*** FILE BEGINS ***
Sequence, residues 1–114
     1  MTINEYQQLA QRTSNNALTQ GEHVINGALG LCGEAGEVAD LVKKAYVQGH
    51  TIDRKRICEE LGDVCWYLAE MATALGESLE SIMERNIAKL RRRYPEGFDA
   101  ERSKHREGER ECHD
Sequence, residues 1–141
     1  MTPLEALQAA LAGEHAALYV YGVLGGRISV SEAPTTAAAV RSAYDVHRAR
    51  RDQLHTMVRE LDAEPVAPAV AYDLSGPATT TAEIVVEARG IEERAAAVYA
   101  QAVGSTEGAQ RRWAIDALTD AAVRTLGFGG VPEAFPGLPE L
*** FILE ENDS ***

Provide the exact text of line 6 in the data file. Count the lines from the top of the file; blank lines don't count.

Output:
     1  MTPLEALQAA LAGEHAALYV YGVLGGRISV SEAPTTAAAV RSAYDVHRAR